Ethiopians sigd 224.88.
(photo credit: Ruth Eglash [file])
Hundreds of members of the Ethiopian community signed their names to a petition Thursday calling for Israel's religious leaders to incorporate the annual Sigd festival in the calendar of religious Jewish holidays.
As in previous years, Ethiopian Israelis young and old, Israel-born and new and veteran immigrants were bused from around the country on Thursday to Jerusalem's Haas Promenade to mark the ancient holiday, whose name means "to prostate oneself in worship" and is meant to renew the covenant between God and the people of Israel. It is normally celebrated 50 days after Yom Kippur, on the 29th of the Hebrew month of Heshvan, but was held two days early this year because the date fell on Shabbat. The community's spiritual leaders, or Kessim, recite prayers in the Ethiopian Jewish language of Gez calling for the return of all Jews to Jerusalem.
The drive to have the holiday made part of the Jewish calendar was initiated earlier this week by the Israel Association of Ethiopian Jews, which sent its request to Sephardi Rabbi Shlomo Amar and Ashkenazi Rabbi Yona Metzger.
"There have been many festivals over the years that were started in the Diaspora but were eventually incorporated into the cycle of Jewish holidays by the rabbis of the time," said association spokesman Avi Masfin. He cited Hanukka and Purim as holidays that were established by particular communities and later adopted by all of world Jewry.
Within an hour of issuing the petition and calling on passersby to show their support, more than 150 people had signed up.
"We have talked about this becoming a mainstream Jewish festival for years, but mostly in the privacy of our homes. This is the first time that we have asked for recognition of our traditions from the larger Jewish public," said Masfin.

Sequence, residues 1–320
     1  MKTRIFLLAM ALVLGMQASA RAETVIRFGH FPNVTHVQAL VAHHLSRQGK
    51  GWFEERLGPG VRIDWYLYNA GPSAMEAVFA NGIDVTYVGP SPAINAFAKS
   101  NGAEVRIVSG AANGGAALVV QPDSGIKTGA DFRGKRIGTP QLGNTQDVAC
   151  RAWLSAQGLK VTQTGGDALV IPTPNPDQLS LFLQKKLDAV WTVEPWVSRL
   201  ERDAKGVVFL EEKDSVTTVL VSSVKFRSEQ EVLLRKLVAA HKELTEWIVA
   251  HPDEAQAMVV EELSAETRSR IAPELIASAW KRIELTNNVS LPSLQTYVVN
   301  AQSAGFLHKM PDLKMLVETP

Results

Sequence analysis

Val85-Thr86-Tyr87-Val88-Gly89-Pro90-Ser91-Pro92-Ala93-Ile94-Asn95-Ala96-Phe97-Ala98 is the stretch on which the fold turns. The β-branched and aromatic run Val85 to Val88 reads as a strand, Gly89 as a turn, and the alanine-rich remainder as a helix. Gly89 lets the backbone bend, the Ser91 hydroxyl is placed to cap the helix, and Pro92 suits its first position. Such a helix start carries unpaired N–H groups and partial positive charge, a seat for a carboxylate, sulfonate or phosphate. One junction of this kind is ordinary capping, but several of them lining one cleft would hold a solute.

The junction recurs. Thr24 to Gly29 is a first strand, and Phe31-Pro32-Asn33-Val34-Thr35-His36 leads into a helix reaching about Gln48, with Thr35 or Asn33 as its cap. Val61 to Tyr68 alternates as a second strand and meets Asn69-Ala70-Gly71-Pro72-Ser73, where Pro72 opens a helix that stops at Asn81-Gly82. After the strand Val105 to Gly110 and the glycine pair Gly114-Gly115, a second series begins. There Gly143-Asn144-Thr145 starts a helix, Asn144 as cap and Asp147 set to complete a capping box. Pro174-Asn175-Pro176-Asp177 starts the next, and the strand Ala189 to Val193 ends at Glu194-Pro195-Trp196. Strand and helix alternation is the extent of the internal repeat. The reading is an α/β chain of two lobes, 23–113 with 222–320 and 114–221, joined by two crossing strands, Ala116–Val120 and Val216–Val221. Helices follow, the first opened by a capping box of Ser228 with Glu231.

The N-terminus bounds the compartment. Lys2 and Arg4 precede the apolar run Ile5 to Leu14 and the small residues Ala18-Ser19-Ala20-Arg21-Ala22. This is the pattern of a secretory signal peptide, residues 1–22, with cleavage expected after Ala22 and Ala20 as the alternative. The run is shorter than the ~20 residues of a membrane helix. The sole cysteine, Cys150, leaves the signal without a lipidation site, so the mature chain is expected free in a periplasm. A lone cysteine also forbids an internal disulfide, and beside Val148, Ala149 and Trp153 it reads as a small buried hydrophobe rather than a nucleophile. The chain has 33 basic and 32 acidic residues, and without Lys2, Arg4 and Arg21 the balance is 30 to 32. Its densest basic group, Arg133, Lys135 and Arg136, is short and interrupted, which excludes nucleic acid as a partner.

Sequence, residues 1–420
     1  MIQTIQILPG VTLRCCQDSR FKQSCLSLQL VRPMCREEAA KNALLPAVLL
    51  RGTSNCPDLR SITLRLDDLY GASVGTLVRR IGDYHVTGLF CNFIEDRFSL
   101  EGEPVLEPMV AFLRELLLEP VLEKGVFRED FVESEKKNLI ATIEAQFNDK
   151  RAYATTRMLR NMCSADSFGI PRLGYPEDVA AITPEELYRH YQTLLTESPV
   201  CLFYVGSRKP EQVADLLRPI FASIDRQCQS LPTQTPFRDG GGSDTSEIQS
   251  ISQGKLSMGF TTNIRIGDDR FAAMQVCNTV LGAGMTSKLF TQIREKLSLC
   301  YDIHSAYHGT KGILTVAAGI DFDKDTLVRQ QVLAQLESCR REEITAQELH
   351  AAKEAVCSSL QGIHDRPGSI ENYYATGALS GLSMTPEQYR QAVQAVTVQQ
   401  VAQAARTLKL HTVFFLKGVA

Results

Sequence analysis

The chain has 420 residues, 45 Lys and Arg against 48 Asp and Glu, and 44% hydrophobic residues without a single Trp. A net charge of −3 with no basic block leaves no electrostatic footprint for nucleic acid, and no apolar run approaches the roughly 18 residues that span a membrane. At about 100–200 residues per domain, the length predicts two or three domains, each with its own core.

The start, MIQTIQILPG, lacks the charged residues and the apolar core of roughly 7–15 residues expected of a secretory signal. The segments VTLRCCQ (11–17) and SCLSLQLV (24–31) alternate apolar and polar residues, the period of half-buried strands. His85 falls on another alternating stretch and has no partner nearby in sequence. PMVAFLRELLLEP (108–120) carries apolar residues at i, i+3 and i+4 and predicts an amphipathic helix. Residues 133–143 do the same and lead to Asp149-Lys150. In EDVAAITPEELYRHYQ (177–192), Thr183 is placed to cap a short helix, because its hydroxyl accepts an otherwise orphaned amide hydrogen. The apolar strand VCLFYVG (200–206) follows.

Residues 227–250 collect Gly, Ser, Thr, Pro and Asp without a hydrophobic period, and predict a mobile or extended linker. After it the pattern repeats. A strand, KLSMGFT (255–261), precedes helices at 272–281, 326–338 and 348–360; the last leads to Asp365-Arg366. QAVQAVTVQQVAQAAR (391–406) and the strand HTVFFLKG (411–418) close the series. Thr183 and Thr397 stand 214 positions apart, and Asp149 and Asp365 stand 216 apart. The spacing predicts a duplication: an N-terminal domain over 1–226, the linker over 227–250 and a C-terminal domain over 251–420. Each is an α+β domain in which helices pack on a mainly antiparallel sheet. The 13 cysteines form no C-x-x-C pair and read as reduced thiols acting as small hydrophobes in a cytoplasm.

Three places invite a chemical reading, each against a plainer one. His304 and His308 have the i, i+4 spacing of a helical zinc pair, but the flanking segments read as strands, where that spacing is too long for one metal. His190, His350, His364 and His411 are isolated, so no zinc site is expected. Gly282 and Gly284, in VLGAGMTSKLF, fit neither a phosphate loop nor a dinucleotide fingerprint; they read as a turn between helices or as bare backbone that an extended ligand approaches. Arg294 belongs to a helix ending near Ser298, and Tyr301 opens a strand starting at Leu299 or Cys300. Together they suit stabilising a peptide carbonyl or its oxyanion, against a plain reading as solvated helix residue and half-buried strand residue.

While Masfin talked about the religious significance of Sigd, many of Thursday's revelers seemed anything but interested in the prayers taking place at the far end of the promenade, south of the capital's Old City. Most of the younger attendees were basking in the sunshine or enjoying hot dogs from vendors instead of fasting, as is the custom.
"We like to come here and see our friends," said one teenage girl from Lod, who added that she comes to Jerusalem to celebrate Sigd every year. Around her, teens with spiky, bleached blond hair, ripped jeans, chains and piercings seemed to feel the same way.
One 15-year-old from Jerusalem said the event was a Jewish festival and that all Israelis should recognize it, "like we celebrate the [Moroccan-Jewish] Mimouna." She suggested that all Israeli school children be taught about her community's traditions.
"We are very proud of our culture," she said.
"As Ethiopians we are very willing to learn about the Holocaust, even though we were not part of it," said Kiryat Gat Rabbi Sharon Shalom, a veteran immigrant from Ethiopia who has been ordained by the Chief Rabbinate. "We mark it because it is symbolic of persecution that happened to our fellow Jews. In the same way, Sigd should have meaning for all Jews."
He said the festival was a chance for all Jews to fast, repent for their sins and pray for a return of the Jewish people to Jerusalem.
Shalom did, however, caution that any integration of the festival into mainstream Israeli society should be done carefully, lest it increase existing divides between the community and non-Ethiopian Israelis.
Rabbi Itzhak Paraz, director of Amar's office, told The Jerusalem Post Amar had strong relations with the Ethiopian community and was very sympathetic to their needs. He said that Amar, who is currently out of the country, would certainly be willing to sit down with community leaders to discuss the Sigd issue. Ashkenazi Chief Rabbi Yona Metzger was not available for comment.